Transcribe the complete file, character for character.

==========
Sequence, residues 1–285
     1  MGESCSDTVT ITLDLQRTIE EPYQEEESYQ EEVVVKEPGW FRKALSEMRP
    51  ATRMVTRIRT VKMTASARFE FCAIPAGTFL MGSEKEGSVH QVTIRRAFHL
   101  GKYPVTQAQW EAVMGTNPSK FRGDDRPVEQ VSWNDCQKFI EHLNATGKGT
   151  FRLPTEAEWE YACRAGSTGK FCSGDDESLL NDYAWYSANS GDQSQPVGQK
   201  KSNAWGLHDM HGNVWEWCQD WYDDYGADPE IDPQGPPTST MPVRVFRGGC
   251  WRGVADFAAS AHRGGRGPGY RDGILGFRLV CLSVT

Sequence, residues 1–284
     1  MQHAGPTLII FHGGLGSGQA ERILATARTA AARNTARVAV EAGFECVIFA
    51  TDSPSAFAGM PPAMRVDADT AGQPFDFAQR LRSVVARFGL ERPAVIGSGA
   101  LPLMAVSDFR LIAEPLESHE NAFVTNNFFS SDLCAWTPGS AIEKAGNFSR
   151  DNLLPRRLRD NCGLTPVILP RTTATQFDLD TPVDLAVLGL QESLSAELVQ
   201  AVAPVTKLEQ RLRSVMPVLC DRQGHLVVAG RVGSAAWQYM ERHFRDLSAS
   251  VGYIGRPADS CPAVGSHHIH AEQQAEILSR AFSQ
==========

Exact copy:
Sequence, residues 1–285
     1  MGESCSDTVT ITLDLQRTIE EPYQEEESYQ EEVVVKEPGW FRKALSEMRP
    51  ATRMVTRIRT VKMTASARFE FCAIPAGTFL MGSEKEGSVH QVTIRRAFHL
   101  GKYPVTQAQW EAVMGTNPSK FRGDDRPVEQ VSWNDCQKFI EHLNATGKGT
   151  FRLPTEAEWE YACRAGSTGK FCSGDDESLL NDYAWYSANS GDQSQPVGQK
   201  KSNAWGLHDM HGNVWEWCQD WYDDYGADPE IDPQGPPTST MPVRVFRGGC
   251  WRGVADFAAS AHRGGRGPGY RDGILGFRLV CLSVT

Sequence, residues 1–284
     1  MQHAGPTLII FHGGLGSGQA ERILATARTA AARNTARVAV EAGFECVIFA
    51  TDSPSAFAGM PPAMRVDADT AGQPFDFAQR LRSVVARFGL ERPAVIGSGA
   101  LPLMAVSDFR LIAEPLESHE NAFVTNNFFS SDLCAWTPGS AIEKAGNFSR
   151  DNLLPRRLRD NCGLTPVILP RTTATQFDLD TPVDLAVLGL QESLSAELVQ
   201  AVAPVTKLEQ RLRSVMPVLC DRQGHLVVAG RVGSAAWQYM ERHFRDLSAS
   251  VGYIGRPADS CPAVGSHHIH AEQQAEILSR AFSQ